With the Ford truck now mounted onto a rock-solid foundation, Dakota then began the process of deciding which engine to plant between the Dodge frame rails. This process didn’t take too long since he had already skipped ahead to this step before the reconstruction of this project even kicked off. A 1996 Dodge 5.9L inline-6 Cummins diesel unit was the engine of choice for his ’51 Ford truck. The compound turbo 12v has since been outfitted with enough performance goods to pump out an impressive 700hp count. Dakota thrives on engine rehab. The entire process of properly outfitting the diesel mill, including installing the ’96 NV4500 5-speed manual transmission behind it was an absolute joy for him, which is plain to see based on the cleanliness and overall performance on the road.

The exterior didn’t require much attention other than general maintenance since Dakota was dead set on preserving the Ford’s patina-clad, rugged good looks. The medium duty flatbed was left in place and only moderately updated where necessary. Inside the cab, the bench seat was wrapped in fresh leather skins and a custom gauge panel complete with Isspro gauges was created. A streamlined approach was key for properly maintaining the original feel for the more than 70-year-old Ford truck, so less amounted to more in order to achieve this goal.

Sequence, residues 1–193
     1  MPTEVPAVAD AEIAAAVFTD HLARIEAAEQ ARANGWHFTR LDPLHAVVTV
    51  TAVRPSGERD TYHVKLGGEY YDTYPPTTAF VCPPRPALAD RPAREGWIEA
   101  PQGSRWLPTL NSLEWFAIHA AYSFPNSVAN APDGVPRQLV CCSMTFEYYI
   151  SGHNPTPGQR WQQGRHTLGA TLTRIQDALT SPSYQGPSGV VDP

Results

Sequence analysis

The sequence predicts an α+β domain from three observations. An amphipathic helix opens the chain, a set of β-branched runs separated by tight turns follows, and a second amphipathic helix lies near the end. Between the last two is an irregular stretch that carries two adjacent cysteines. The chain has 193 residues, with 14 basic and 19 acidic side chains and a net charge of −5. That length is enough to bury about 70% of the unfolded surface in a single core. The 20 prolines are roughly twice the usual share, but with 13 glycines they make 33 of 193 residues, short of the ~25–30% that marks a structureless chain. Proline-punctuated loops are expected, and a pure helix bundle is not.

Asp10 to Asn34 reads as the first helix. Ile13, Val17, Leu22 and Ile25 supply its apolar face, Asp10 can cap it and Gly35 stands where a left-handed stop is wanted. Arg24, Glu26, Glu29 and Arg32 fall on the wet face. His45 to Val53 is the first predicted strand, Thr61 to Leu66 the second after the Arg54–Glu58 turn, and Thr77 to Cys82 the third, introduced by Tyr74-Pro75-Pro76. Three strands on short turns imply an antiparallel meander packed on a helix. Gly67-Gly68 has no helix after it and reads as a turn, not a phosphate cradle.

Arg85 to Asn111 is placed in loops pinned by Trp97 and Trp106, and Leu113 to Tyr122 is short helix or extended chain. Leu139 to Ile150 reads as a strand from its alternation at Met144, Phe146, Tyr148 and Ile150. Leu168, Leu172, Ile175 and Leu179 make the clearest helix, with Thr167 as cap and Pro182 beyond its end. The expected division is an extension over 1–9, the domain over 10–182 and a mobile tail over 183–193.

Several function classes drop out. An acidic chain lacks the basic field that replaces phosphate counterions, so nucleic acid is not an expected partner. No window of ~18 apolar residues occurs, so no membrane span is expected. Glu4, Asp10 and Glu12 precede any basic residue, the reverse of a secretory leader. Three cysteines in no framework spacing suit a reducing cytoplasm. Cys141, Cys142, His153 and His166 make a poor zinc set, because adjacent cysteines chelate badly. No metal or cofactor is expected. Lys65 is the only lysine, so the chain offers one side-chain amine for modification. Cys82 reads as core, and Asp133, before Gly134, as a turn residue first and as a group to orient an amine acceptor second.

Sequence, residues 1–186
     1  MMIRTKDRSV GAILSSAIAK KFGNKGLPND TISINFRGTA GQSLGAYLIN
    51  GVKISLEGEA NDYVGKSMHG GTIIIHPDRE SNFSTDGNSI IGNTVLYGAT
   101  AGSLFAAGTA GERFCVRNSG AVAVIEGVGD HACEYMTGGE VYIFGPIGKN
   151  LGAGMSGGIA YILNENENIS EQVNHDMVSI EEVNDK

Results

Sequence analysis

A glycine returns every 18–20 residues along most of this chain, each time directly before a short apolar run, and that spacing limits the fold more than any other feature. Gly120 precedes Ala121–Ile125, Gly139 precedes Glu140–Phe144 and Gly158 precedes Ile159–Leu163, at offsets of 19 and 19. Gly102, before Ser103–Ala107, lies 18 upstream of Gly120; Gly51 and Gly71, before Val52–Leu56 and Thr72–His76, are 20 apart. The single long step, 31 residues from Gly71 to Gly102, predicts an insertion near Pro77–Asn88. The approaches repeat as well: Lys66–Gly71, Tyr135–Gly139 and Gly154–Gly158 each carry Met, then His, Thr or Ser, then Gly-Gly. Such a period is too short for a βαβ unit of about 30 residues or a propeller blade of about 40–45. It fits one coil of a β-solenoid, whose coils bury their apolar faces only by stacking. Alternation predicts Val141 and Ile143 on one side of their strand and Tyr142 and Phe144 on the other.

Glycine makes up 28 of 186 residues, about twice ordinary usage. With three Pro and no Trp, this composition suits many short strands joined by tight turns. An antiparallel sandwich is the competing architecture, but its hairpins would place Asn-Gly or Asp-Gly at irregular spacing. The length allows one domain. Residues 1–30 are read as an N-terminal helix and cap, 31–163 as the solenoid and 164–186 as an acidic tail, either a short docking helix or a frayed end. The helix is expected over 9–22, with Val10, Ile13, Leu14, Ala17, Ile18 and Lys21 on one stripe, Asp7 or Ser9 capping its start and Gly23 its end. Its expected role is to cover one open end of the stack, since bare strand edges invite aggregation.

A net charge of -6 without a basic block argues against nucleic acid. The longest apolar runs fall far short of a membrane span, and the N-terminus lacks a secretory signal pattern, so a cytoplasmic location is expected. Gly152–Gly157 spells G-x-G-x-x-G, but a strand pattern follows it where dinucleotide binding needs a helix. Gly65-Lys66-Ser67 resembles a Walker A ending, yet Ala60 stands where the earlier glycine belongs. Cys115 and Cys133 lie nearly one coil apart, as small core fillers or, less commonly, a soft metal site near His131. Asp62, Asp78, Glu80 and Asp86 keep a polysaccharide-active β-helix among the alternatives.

“This truck is not perfect, but with every bit of imperfection came a lesson,” Dakota admits. “My friend Buddy who previously owned this truck might have had different plans than mine, but I can see how proud he is to see it still driving around town. Over the years, I have gained support from a few companies in the industry that have helped get the build to where it is today, and I must take a minute to thank Pureflow Air Dog, Northern Radiator, Smeding Diesel, and After Dark Kreations among others.” .

1951 FORD F-5


Dakota Sargent
Indian Springs, NV


  • Shop: Dakota Sargent @ Fullhook Performance, Indian Springs, NV
  • 1996 Inline-6 5.9L Cummins
  • 700hp compound turbo 12v
  • Mahle pistons and rings
  • ARP rod bolts and main studs
  • Colt Cams Stage 3 181/210 The Big Stick camshaft
  • Manton valve springs and retainers, 7/16 pushrods, valve job and O-ring
  • Dynomite Diesel Products Stage 3 fuel injectors
  • Air Dog 165 lift pump
  • 8-inch exhaust bed stack
  • Water to air intercooler
  • 1996 NV4500 5-speed transmission
  • 1 3/8-inch input shaft, full splined main shaft
  • Valair dual disc clutch
  • 241 DHD transfer case


  • 2001 Dodge frame
  • Custom modifications to mount ’51 Ford cab and custom suspension
  • 2.5×12 King coilovers (front) 2.5×12 King triple bypass (rear)
  • Parallel 4-link air ride suspension in rear


  • 20×12 Method wheels
  • 40×15.50/20 Toyo M/T tires


  • Leather bench seat
  • Custom seat mounts and carpet trim plates
  • Isspro instrumentation w/ custom gauge panel
  • Shotgun shifter